LAKE ZURICH, Ill.--(BUSINESS WIRE)--Fresenius Kabi announced today it has inducted 13 people and organizations as the 2020 class of the Fresenius Kabi Blood Donation Hall of Fame, a nationwide program that recognizes and shares the unique stories of individuals from across the country who are passionate about and committed to blood donation, by donating themselves, and encouraging others to do so as well.
Every year, Fresenius Kabi partners with blood centers to honor selfless people by featuring their stories in a specialized calendar used by blood centers across the country. In addition to recognizing individuals, Fresenius Kabi honors groups who have joined together to give back to their communities by donating blood or volunteering time to blood donation efforts.
U.S. patients require an estimated 36,000 units of red blood cells each day to treat a variety of potentially life-threatening medical conditions including cancer, organ transplants and complications following an accident or trauma. An estimated 6.8 million people in the U.S. donate blood each year, playing a critical role in maintaining the nation’s blood supply and providing lifesaving resources for patients across the country.
“This year’s inductees show an extraordinary dedication to helping others by selflessly donating and volunteering time to ensure this life-saving resource is available to anyone in need, and we are honored to recognize their exceptional contributions to the community,” said Dean Gregory, President, Global Commercial Operations, Transfusion Medicine and Cell Therapies, Fresenius Kabi. “For more than 20 years, Fresenius Kabi has worked shoulder-to-shoulder with blood centers, donors and volunteers to help ensure patients have access to blood.”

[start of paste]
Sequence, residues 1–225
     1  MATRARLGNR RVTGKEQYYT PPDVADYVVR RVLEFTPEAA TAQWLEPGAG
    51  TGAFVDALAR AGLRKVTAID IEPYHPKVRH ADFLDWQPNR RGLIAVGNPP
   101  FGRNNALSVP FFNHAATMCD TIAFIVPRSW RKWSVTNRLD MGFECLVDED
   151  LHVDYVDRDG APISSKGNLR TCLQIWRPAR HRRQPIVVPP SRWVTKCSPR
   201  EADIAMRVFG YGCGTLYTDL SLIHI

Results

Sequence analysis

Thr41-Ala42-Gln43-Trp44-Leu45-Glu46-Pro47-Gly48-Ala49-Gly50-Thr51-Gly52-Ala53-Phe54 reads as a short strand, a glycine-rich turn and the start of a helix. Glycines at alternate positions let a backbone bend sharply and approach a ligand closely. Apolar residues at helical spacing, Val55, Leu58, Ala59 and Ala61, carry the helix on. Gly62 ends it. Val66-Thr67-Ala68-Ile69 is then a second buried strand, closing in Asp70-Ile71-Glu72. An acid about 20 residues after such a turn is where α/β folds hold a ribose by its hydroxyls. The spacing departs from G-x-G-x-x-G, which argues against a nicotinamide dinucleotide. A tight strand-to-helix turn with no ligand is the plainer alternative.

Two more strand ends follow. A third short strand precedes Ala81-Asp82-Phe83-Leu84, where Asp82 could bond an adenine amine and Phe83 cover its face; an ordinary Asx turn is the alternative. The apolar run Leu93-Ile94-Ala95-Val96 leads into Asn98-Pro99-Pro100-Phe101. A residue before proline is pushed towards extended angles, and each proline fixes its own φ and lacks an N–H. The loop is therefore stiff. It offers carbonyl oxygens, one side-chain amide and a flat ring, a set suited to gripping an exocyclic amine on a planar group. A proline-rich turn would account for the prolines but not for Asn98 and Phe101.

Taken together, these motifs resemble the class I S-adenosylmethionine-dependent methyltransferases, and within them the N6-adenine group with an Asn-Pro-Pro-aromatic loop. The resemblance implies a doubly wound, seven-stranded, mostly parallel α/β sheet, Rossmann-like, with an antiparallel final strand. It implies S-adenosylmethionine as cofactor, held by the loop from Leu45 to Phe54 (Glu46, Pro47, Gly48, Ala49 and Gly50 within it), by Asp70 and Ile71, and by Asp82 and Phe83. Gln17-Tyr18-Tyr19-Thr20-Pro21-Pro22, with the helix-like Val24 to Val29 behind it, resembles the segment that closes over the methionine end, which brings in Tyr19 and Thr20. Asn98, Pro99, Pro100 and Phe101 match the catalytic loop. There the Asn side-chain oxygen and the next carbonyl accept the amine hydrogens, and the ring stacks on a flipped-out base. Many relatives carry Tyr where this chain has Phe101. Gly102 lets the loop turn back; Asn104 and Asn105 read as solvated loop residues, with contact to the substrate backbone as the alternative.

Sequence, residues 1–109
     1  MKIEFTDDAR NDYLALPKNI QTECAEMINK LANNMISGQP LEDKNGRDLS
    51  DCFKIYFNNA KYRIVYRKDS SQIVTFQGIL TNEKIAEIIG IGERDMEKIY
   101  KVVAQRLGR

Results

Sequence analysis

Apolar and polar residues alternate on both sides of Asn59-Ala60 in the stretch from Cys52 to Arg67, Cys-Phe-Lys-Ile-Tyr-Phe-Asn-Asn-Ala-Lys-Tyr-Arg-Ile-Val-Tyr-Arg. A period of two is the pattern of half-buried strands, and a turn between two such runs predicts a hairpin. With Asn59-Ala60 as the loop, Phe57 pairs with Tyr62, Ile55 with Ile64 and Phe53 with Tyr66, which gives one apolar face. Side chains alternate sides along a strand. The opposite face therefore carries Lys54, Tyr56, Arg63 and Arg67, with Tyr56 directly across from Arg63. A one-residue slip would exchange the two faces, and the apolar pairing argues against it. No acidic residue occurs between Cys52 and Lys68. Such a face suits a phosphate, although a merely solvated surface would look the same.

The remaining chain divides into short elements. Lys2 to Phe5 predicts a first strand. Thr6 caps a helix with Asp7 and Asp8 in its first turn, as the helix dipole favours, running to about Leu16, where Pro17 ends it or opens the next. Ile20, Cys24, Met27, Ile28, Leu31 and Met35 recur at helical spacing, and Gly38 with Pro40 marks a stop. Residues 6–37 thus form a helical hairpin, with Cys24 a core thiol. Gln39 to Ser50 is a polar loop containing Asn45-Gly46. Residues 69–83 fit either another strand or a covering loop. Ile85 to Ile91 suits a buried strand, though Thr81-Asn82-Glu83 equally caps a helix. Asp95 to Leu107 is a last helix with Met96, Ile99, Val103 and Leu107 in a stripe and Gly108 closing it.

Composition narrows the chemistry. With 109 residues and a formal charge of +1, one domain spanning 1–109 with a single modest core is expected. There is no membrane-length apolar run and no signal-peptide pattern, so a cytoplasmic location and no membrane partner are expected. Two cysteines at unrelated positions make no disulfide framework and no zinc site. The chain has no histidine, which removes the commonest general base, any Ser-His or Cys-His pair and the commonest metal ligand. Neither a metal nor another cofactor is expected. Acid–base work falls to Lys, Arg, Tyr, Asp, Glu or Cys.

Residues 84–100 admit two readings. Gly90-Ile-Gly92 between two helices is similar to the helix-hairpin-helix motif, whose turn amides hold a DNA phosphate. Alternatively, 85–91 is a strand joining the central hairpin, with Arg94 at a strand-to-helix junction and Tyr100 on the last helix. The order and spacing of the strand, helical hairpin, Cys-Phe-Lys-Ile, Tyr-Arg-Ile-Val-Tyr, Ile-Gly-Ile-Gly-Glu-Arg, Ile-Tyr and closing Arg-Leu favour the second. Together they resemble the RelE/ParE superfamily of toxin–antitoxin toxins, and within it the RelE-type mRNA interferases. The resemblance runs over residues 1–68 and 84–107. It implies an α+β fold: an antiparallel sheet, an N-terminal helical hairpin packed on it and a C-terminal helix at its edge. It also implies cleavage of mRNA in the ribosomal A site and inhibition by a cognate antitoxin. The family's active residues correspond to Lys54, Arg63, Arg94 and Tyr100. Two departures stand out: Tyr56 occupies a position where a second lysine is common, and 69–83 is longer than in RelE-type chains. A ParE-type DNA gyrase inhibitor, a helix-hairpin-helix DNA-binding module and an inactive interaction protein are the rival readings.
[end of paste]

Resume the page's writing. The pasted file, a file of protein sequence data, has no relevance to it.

Below is background on this year’s inductees and why they were recognized:
- Elaine and Mark Fredricks donate at the American Red Cross Salem Donation Center in Salem, Oregon. With smiles on their faces, they donate platelets every two weeks like clockwork. Elaine, a Certified Nursing Assistant, says she’s paying forward for the 26 units she received after emergency surgery. Together, they have made more than 500 donations.
- Andrew Azan donates at the American Red Cross Northeast Region of Pennsylvania Center in Ashley, Pennsylvania. In addition to being a long-time dedicated donor, Azan has built a growing family of sponsors, donors, and volunteers in his community. He started monthly blood drives in multiple locations and created an annual recognition program for sponsors and donors.
- Wendy Ellis donates at the American Red Cross Portland Donation Center in Portland, Oregon. Ellis continued a long line of dedicated family donation that started with her parents after WWII when she donated after a college professor had an accident and needed blood. Her rare blood type led to her being called on frequently, which she continued during the COVID-19 pandemic. At age 75, she reached her 500th platelet donation in September 2020.
- Michael Otterman donates at Blood Assurance in Chattanooga, Tennessee. Otterman’s connection to donating is deeply personal: his daughter passed away from acute lymphoblastic leukemia before she was two, and he remembered how thankful he was to the donors who gave the bags of blood and platelets she received during her treatments. Otterman continues to give blood and organize blood drives at his company, and those drives have collected 784 units since 2009.
- Marsha Asplin donates at the Gulf Coast Regional Blood Center in Houston, Texas. Asplin has donated split platelets at least twice a month for 37 years, adding up to 1,375 donations amounting to more than 170 gallons. She is also a Commit for Life volunteer and has dedicated more than 13,000 hours since 2004 to raise awareness about the importance of blood donation.
- Warren Pitcher donates at LifeServe Blood Center in Des Moines, Iowa. Pitcher grew up seeing his father donate regularly and has continued the tradition. He has O-positive blood and steps up to donate whatever is needed – platelets, plasma, double red cells or whole blood – and has given 16 gallons over 100 donations. He also gives back to his community and has been the chairperson for his church’s blood drive for more than 25 years. During this time, he has touched the lives of thousands of hospital patients and spent more than 4,000 hours transporting blood products to hospitals for transfusions, or to laboratories for processing.